"EU Member States, such as France,
Germany and Italy, must not undermine the AI Act by bowing to
the tech industry's claims that adoption of the AI Act will lead
to heavy-handed regulation that would curb innovation," said
Amnesty International Secretary General Agnes Callamard in a
statement after Rome, Paris and Berlin came out against
introducing "un-tested norms" on foundation models such as
GPT-4, the basis of the ChatGPT chatbot, instead preferring
"compulsory self-regulation through codes of conduct" to avoid
burdening companies with excessive administration that could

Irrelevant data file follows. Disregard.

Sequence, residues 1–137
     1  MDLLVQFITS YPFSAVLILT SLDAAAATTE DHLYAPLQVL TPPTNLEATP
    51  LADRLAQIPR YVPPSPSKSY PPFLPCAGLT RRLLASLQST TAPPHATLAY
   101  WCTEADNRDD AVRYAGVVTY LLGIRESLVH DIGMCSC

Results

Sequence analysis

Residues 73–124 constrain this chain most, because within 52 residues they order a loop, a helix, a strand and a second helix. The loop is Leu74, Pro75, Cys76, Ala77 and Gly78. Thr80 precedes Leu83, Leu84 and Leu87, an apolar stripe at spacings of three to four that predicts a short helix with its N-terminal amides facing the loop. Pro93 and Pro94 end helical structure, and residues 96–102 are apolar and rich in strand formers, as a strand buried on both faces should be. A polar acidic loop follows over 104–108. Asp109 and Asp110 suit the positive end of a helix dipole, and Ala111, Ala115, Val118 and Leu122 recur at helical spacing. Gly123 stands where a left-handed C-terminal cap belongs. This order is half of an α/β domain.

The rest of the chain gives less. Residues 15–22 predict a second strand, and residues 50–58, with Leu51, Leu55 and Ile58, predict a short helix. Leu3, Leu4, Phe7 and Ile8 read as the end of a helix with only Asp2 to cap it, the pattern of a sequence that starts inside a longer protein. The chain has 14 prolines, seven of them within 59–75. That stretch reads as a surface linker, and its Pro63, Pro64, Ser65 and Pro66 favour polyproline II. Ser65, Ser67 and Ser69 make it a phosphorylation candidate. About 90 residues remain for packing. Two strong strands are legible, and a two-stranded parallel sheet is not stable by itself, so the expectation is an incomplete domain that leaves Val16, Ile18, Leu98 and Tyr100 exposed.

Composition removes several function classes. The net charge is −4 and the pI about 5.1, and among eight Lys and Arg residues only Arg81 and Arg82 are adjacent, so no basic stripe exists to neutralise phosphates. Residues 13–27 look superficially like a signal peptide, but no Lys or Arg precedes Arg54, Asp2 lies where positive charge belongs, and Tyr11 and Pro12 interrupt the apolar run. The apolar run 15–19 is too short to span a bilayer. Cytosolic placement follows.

"Let us not forget that 'innovation versus regulation' is a false dichotomy that has for years been peddled by tech companies to evade meaningful accountability and binding regulation," continued Callamard, highlighting the "concentration of power of a handful of tech companies who seek to set the terms of the world's first comprehensive AI rulebook". "It is well documented how AI technologies magnify human rights harms and discrimination when used for mass surveillance, policing, welfare distribution and at borders," she went on, adding that "marginalized groups, including migrants, refugees and asylum seekers are impacted and targeted the most".
The Amnesty International chief said it is "imperative" that France, Germany and Italy "stop delaying the negotiations process" and that EU lawmakers focus on ensuring that "crucial human rights protections are coded in law before the end of the current EU mandate" in 2024.
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